After chocolate scare, family warns others to keep an eye on Valentine's Day treats

KANSAS CITY — Amanda Moore and her husband were celebrating their wedding anniversary on Friday, February 9.

As a surprise for her husband, Moore arranged dark chocolates on the bed.

But when she came back less than an hour later, the chocolates were gone, shreds of wrapper still visible.

Moore immediately knew what had happened. Their dog, Francie, had found the chocolates.

At first, Moore, her husband, and their three daughters thought it was funny. Moore even recorded a video of her dog being ashamed of what she'd done. 

 

But then it hit her — chocolate isn't good for dogs.

She called the nearest emergency vet clinic. They wanted to know how much chocolate Francie had eaten and what kind.

They determined Francie had eaten enough to be concerned.

Moore's husband rushed Francie to Blue Pearl's 24/7 Emergency Pet Hospital at College and Quivira in Overland Park.

The team there pumped Francie's stomach, gave her a charcoal concoction to absorb whatever was left in her stomach, and hooked her up to IV fluids and kept her overnight. The bill for the visit was nearly $900.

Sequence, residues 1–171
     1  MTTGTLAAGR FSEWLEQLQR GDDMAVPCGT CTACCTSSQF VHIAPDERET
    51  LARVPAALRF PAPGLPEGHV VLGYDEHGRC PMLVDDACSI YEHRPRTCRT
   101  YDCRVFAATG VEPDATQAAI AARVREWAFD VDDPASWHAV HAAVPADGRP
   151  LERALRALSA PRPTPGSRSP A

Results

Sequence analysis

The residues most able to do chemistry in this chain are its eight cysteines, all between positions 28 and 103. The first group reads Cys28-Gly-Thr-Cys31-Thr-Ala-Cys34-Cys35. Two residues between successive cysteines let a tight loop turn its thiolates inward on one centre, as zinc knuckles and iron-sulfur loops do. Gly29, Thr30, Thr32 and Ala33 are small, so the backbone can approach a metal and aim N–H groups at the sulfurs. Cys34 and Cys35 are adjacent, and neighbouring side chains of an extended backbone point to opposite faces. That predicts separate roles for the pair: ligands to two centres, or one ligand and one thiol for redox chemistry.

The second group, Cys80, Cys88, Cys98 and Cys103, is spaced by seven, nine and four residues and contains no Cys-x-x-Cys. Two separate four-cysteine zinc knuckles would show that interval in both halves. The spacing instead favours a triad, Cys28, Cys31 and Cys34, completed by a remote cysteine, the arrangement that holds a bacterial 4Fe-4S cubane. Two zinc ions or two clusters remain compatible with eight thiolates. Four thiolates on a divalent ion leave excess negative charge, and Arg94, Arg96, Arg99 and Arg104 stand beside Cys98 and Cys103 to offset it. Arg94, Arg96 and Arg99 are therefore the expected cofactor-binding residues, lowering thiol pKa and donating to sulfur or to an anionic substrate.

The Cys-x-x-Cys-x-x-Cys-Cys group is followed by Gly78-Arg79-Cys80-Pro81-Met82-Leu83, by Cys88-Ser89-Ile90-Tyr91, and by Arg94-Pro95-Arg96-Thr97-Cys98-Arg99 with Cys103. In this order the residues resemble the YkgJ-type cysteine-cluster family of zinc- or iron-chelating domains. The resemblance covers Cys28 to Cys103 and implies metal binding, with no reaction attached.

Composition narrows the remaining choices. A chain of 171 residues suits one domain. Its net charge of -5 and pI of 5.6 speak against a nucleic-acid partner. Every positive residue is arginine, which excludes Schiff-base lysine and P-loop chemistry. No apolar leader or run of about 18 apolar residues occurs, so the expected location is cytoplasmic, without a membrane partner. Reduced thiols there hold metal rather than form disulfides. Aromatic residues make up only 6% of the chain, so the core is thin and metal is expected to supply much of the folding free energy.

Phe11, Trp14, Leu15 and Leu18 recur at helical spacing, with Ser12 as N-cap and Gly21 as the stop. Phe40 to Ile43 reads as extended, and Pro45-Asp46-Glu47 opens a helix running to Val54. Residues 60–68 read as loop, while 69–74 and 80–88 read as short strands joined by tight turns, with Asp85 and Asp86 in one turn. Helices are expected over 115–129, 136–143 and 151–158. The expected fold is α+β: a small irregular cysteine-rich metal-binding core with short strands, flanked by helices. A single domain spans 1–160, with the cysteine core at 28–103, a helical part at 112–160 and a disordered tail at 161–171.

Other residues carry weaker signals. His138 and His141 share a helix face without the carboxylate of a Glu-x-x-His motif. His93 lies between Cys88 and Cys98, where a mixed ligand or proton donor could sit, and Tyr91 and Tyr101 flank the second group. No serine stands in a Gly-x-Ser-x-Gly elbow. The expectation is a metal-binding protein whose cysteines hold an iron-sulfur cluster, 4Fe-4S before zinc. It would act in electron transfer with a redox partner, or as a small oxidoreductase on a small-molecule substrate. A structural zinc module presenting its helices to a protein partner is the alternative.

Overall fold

Francie's family said it was a lesson learned but well worth the money.

They hope by sharing their story others will avoid such a scare.

Ryan Bragg, a veterinarian with Blue Pearl, said the problem with dogs eating chocolate comes up a few times a year: Halloween, Christmas, and Valentine's Day.

He gave this list of the top dangers for dogs:

  • Antifreeze
  • Grapes
  • Raisins
  • Chocolates
  • Human medications
  • Sugar-free gum

He advises you call your vet if your dog gets into any of these things.

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